James Gibson: (1938 - 2017)
Born: Moore Haven, Florida
James Gibson was born in Moore Haven, Florida. His family moved to Fort Pierce when he was three or four years old. Like many of the Highwaymen, James’ interest in art was sparked at an early age. He copied images from comic books and storybooks. Inspired by Bean Backus, he sometimes sold a drawing, which allowed him to purchase a serving of ice cream. He graduated from Lincoln Park Academy in 1958 where he briefly had Zora Neale Hurston as a teacher. His teachers and parents taught him to be respectful of others, a skill that proved helpful throughout his life. His mother always believed in him and so he was able to go to college. Majoring in biology, James attended Tennessee State University but had to drop out after two years because he couldn’t afford the tuition. Two of his younger brothers were also in need of college funds and James wanted them to have a chance to study. James knew from being home in the summers that Alfred Hair was taking painting lessons from Bean Backus. A letter from Alfred while he was in school informed him of his success and suggested that James should also learn to paint. So James headed home.
He met Bean Backus when he was seventeen. But it was having the chance in his early twenties to actually make money from art that made him consider painting as a serious occupation. Besides, James was unable to get work anywhere else at the time. With enthusiasm, he learned to paint in the backyard of Alfred’s mother’s house on 13th Street. In the early days, according to James, there were four main painters: Alfred Hair, Harold Newton, Roy McLendon, and James. Mary Ann Carroll and Sam Newton joined in next.
James worked for Backus when he could. He’d make frames for him and cleaned his studio. When Bean talked to a student about how to mix a color or think about a composition, James listened and learned. In the early days, he’d work through the night creating paintings. In the morning he would load the wet artwork into his brown ’57 Cadillac and drive to Miami or another coastal town to sell. He did well in beauty parlors and a jewelry store in Orlando. Some days he’d sell only enough for gas money to get home. As he got better at painting and selling, more sales were made and life got easier. After the Highwaymen got their name in the mid-1990s, people were coming to him and he stopped selling on the road. By that time he was spending 36 hours on a painting that he might have spent 36 minutes on when he first started out.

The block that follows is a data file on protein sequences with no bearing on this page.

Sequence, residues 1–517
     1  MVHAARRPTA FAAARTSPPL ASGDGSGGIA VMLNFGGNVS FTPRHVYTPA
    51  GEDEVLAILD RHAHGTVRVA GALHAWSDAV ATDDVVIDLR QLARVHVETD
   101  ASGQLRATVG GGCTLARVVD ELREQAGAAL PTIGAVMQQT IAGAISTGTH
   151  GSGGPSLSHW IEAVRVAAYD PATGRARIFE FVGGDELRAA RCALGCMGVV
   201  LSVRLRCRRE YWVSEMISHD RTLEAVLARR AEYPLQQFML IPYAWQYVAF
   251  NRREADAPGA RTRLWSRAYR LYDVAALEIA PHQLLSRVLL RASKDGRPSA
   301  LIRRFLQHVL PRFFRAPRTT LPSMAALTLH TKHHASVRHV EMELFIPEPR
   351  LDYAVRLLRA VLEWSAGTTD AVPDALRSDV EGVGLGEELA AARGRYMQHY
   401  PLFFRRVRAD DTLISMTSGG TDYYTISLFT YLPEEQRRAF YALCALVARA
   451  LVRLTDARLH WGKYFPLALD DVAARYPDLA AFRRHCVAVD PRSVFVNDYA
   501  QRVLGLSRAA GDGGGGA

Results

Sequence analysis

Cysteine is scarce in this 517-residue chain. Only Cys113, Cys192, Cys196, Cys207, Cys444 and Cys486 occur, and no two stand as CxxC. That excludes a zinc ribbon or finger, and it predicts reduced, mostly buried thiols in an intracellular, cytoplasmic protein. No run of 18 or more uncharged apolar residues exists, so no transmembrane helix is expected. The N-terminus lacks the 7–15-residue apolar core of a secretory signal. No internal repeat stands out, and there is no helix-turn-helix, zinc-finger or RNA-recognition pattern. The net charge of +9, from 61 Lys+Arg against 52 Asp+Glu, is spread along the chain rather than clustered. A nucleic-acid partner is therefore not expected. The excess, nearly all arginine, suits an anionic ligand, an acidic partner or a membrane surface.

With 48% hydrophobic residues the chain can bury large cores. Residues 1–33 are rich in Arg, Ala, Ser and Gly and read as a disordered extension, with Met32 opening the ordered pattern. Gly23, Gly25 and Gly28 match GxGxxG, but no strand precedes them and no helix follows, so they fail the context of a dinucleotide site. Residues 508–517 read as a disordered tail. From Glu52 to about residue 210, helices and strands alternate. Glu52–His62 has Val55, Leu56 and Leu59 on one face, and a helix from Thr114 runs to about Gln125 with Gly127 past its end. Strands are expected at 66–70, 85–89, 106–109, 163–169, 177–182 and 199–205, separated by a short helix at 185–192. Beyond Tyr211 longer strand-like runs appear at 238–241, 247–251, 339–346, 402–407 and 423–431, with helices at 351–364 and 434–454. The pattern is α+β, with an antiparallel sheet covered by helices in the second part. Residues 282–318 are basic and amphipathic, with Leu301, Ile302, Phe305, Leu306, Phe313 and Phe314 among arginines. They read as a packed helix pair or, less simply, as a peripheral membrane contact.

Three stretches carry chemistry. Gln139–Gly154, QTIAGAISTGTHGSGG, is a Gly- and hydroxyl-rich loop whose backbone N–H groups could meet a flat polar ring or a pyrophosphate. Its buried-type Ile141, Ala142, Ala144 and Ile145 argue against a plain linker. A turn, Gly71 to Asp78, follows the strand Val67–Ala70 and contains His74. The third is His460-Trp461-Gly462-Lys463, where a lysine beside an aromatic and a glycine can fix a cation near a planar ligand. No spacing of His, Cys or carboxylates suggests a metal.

By the end of the 1990s, James reported that he had had three styles throughout his career. The first was painting for everyone. The second was painting for those who wanted to spend a bit more. By 2000 he was painting exceptional works that only a few people could afford. He had arrived as a well-respected artist. He continues to take more time with his paintings and critiques his work with vigor. He sets goals, like learning to make clouds the way Backus did.
James Gibson has three children, James Jr., Dawn, and Kim. He figures he has produced well over 10,000 paintings. Among his many awards is the 2005 Florida Ambassador Art Award. His work was displayed in the Florida Supreme Court in 2000 and 2003. His patrons include former Secretary of State Glenda Hood, former Governor Jeb Bush, and former U.S. Vice-President Hubert Humphrey. Former Governor Charlie Christ used one of his landscapes on his Christmas card when he was in office. He created an ornament for the White House Christmas tree and several of his paintings have been shown in the White House collection. Two of his brilliant landscapes were featured in Steven Spielberg’s film, Catch Me If You Can. His beach scenes with windblown palm trees were perfectly placed on the wall of a 1960s Florida motel room.
James Gibson Biography information: obtained from website thehighwaymentrail.com. This website is a fantastic reference to learn about the 26 Florida Highwaymen artists and their importance to Florida's history.